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Heather's Introduction, Virtual Field Trips, Dawdling Children

By Heather Idoni

Added Friday, November 18, 2005

The Homeschooler's Notebook
Encouragement and Advice for Homeschool Families
Vol. 6 No 46 November 18, 2005
ISSN: 1536-2035
Copyright (c) 2005 Heather Idoni, FamilyClassroom.net. All Rights Reserved.

Welcome to the Homeschooler's Notebook!

If you like this newsletter, please recommend it to a friend --
We all need to be helping each other with our homeschooling!

Directions for subscribing and unsubscribing are below.



Notes from Heather:
-- An Introduction
Helpful Tips
-- Online Fieldtrips
Question of the Week:
-- Your Questions
Reader's Response
-- Your Answers
Heather's Picks
-- Homeschool Chat
-- Subscriber Information
-- Sponsorship Information


This is my very first newsletter as the new editor, so I thought I'd
take this opportunity to get acquainted and share with you a little
of my vision for encouraging homeschool parents.

First of all, I want to let you know that I am very excited to continue
Lynn's legacy of bringing you excellent ideas and resources, as well
as sharing my own homeschooling journey. Lynn, I appreciate your
vision of these past years and your willingness to let me carry on!
Your contributions to this ministry and your transparency as you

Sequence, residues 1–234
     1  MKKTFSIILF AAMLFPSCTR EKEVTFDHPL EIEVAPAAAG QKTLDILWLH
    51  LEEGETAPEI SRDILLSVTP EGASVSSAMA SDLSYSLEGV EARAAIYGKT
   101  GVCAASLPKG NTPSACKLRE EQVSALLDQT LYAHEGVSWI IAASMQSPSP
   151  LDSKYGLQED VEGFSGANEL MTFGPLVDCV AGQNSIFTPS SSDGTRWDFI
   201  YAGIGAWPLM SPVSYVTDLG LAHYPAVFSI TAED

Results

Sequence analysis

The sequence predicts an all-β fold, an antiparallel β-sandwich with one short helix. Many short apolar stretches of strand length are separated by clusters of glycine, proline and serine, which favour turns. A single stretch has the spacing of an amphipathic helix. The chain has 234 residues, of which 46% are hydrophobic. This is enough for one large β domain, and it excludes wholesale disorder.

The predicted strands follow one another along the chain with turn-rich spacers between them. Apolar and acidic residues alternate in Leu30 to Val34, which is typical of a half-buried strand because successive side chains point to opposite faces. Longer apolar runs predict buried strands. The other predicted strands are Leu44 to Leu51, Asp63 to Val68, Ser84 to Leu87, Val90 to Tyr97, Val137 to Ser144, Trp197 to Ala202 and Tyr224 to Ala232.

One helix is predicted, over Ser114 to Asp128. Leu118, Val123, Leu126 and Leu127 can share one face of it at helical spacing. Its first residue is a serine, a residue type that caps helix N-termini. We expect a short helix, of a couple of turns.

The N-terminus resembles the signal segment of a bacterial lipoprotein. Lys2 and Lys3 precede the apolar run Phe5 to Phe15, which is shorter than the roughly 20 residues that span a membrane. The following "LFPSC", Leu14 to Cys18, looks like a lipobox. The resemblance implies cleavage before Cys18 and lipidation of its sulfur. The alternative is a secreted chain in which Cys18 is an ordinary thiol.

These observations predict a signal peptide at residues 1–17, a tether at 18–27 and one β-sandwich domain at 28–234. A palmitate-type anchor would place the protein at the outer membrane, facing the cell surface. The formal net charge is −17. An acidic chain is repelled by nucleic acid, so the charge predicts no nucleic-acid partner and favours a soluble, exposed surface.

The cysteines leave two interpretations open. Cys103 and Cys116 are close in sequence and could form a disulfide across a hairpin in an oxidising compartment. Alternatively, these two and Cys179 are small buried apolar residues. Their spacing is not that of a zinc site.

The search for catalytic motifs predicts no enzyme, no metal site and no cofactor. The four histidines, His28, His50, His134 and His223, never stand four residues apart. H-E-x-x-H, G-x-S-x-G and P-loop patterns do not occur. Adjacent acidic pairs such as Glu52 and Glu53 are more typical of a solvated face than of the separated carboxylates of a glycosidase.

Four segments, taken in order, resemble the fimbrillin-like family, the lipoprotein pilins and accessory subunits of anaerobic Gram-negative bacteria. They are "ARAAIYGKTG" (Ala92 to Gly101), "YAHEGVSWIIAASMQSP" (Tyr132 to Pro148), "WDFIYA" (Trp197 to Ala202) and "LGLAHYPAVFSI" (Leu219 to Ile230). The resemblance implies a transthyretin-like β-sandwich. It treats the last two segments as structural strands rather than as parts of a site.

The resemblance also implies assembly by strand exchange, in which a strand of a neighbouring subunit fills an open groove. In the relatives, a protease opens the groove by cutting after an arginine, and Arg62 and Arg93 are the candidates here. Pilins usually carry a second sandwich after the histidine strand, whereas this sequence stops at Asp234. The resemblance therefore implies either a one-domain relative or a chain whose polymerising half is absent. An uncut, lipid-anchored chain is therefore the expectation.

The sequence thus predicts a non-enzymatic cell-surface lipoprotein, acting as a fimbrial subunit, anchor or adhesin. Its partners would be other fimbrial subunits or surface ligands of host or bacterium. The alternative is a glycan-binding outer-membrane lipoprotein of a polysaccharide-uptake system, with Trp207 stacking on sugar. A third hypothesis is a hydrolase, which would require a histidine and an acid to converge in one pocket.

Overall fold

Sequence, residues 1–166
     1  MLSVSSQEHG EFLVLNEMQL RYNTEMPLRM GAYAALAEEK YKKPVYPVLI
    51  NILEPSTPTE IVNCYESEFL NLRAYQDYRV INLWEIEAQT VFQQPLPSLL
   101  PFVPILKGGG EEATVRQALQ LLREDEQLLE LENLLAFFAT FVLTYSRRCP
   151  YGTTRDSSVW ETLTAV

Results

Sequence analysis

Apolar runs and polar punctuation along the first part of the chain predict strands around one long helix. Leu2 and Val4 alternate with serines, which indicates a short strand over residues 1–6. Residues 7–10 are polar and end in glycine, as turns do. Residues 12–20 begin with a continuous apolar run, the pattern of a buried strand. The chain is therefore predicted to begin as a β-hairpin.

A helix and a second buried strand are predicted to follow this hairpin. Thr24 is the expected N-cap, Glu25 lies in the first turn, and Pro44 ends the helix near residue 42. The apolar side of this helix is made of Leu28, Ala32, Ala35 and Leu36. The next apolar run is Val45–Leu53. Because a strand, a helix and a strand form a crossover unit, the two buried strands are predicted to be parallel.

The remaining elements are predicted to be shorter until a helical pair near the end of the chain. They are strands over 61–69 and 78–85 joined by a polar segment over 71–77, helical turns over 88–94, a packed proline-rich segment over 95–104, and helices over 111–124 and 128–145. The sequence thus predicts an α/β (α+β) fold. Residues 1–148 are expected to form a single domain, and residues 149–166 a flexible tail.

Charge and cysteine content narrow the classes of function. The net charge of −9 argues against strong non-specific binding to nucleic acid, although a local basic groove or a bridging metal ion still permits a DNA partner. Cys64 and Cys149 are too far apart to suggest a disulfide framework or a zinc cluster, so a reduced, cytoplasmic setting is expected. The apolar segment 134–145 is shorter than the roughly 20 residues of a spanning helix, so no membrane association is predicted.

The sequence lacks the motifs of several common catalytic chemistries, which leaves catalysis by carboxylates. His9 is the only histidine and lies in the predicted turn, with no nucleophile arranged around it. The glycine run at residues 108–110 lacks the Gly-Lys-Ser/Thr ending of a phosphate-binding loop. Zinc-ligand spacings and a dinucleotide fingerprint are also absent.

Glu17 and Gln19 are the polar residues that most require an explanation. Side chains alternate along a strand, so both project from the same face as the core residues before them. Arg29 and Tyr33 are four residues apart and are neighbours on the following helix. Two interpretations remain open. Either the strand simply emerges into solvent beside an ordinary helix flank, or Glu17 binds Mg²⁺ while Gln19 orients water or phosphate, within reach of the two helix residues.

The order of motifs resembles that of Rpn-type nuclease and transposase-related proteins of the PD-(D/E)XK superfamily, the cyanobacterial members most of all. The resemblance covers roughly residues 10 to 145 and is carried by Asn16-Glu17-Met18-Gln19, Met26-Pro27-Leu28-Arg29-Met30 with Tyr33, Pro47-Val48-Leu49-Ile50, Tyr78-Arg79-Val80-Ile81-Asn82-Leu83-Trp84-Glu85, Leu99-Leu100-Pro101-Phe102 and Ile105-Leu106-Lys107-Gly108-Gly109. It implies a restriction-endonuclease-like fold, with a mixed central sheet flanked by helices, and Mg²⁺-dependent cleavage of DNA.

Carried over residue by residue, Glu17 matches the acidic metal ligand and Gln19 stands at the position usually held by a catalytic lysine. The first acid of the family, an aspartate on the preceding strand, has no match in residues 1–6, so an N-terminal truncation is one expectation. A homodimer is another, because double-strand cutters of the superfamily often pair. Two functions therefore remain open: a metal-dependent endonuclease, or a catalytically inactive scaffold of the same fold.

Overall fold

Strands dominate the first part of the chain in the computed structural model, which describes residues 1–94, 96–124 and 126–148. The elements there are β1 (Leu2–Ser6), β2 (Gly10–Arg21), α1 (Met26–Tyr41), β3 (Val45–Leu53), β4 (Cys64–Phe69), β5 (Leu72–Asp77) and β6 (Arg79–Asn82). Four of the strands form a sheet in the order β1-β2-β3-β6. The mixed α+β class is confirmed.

have shared your own homeschooling journey have been a blessing
to many over the years. It is impossible to measure the impact
you have had with the encouragement and resources you have
shared. You will be missed!

Although we all have different ages of children and different back-
grounds, and we are at different points on this road, we all share
this one thing in common -- we have chosen to raise and educate
our children primarily in the context of our family home.

Some of us have only one child, while some have 10 or more!
Some would consider themselves to be unschoolers, using only life
for our classroom, others of us are more eclectic in our approach,
while some have found success in using a structured curriculum or
an umbrella school. And there are probably 200 or more varied
methods to home school within that spectrum!

While many of us have faith-based home schools, I understand that
some of our readers do not have any religious reason for choosing
to home educate. I respect that difference! Although my faith in
God is what compelled me initially to begin this journey, and it will
always be my most obvious reason for homeschooling, I now have
an arsenal of reasons why I personally refuse to conform to the
popular idea that public education is a "good thing".

So, although I'm sure your journey is very different from mine, I'm also
sure we will find much in common as we share our lives together!

We have this in common. We homeschool.

My vision for this newsletter is to faithfully bring you practical
information, useful resources, and inspirational insight. I know we all
need encouragement from time to time! None of us is superwoman
-- or super"man" for that matter. I know of hundreds - even thousands
- of single mothers and fathers who are going it alone on this quest.